The Internet is key in the prevention of a crisis. It is an important
tool in monitoring public opinion of an organization, what kind of coverage
a company and the competitors are receiving and determining allies and
Active monitoring of news and
chat groups, activist web sites and on-line news services is a good base
for preparation of crises. If a company were to predict public scrutiny,
monitoring sites and on-line commentary could provide early warning of
events and beliefs that could harm a company's reputation or credibility.
Assessing and ranking these issues according to importance is part of
an Internet plan essential to an organization.
Boyd Neil, magazine journalist
and professional communication and public affairs strategist, offers nine
basic ways to ensure an organization is "web-ready" for a crisis:
1) Have an Internet plan in your crisis communication manual
Also, Neil suggests implementing an on-line crisis communication manual
in addition to the traditional manual. Internet-based crisis communication
manuals can be easily accessed and updated, include detailed background
information difficult to maintain in hard copy, include easily accessible
databases and comprehensive media and stakeholder e-mail lists, and rapidly
disseminate media releases, stakeholder updates and announcements by electronic
2) Use the Internet as a virtual crisis command center so crisis team
members, senior executives and other employees can be updated on your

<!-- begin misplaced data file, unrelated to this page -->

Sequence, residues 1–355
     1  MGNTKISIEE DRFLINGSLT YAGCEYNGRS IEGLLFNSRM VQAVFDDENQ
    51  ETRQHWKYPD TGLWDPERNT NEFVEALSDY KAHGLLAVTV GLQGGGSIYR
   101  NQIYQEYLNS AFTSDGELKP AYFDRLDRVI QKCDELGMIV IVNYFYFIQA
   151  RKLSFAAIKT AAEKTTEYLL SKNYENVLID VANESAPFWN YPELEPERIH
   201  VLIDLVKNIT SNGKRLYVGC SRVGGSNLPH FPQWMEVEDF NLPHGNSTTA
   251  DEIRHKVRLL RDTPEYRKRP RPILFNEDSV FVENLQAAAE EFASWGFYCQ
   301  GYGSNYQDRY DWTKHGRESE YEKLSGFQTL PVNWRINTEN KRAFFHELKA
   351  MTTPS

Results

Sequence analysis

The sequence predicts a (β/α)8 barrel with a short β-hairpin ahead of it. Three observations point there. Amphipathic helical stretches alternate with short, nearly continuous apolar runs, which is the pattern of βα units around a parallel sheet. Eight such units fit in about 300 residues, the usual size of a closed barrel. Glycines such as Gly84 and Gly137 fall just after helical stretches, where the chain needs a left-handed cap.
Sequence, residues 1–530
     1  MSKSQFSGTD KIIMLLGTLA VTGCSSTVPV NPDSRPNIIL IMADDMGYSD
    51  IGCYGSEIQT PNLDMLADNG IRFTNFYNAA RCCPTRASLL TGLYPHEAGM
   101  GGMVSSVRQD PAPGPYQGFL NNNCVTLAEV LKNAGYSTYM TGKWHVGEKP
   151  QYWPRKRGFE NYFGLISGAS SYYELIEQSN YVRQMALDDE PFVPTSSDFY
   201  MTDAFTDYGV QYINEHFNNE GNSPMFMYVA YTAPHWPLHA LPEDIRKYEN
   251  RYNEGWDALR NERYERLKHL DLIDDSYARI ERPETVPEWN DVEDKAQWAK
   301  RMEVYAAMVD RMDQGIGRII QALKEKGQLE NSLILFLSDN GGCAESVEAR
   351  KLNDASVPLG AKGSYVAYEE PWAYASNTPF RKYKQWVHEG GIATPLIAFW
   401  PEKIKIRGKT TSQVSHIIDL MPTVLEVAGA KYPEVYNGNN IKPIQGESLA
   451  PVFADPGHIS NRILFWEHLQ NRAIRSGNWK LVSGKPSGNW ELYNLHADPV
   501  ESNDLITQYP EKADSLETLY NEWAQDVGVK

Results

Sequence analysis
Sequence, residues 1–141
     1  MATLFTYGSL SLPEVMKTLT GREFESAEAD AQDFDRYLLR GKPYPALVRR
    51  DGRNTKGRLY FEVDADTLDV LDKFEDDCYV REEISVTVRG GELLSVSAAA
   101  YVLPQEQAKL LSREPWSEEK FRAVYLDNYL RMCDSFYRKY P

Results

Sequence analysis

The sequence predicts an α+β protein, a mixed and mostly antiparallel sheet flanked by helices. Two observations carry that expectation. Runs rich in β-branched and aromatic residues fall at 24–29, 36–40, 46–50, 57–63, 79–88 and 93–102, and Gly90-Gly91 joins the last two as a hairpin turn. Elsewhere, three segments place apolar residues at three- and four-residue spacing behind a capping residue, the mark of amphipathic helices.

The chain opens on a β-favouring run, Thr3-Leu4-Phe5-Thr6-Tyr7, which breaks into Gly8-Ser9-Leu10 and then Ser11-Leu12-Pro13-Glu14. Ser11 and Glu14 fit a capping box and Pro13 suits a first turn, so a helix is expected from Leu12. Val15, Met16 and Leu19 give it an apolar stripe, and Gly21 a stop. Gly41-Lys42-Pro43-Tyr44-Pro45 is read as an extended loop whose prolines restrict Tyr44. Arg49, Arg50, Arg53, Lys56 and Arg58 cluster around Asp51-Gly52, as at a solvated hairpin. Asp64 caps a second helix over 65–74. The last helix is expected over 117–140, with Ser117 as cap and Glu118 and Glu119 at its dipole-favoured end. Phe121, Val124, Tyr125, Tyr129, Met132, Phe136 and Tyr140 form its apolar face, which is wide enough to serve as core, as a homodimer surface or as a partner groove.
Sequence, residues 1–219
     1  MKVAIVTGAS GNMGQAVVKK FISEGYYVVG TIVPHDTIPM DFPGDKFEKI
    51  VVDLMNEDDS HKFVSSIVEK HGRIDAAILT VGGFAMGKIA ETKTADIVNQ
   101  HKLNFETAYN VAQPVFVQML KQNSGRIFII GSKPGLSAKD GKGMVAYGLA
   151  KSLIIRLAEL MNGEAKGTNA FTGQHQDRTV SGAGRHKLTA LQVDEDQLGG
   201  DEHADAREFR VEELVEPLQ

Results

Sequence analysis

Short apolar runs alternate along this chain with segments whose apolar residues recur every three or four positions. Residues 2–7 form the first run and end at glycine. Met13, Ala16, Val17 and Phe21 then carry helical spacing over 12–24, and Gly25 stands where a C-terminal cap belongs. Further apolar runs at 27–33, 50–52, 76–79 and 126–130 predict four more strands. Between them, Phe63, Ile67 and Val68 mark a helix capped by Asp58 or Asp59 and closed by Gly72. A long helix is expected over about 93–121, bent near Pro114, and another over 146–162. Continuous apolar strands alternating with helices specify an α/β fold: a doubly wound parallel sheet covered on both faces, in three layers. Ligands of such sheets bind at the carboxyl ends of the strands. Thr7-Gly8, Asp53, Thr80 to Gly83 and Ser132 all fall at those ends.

emergency response program and plans
3) Regularly monitor appropriate news and chat groups, advocacy group
sites and on-line news
Internet monitoring services are also available like "eWatch"
that tells you what web sites post your releases and what kind of coverage
your organization is getting (which sites, writers, consumers, investors
4) Include a web specialist on your crisis team
5) Become familiar with the ways issues and rumors develop and progress
6) Practice downloading and transferring documents, pictures, video and
audio on your web site
7) Consider Rapid-Response web pages with holding statements, company
backgrounds, fact sheets, media contact forms, etc.
Neil defines a Rapid-Response web site as a "microsite designed to
centralize and control information flow during a special event or transaction."
This type of site provides immediate and accurate information managed
by the company. It can provide reliable information to the public and
media through news releases, emergency updates and contact information.
8) Plan to use your company's web site to update public and media with
statements, FAQs, speeches and photographs.
9) Maintain an e-mail database of key media and stakeholders to get information
to them quickly.
as a PR tool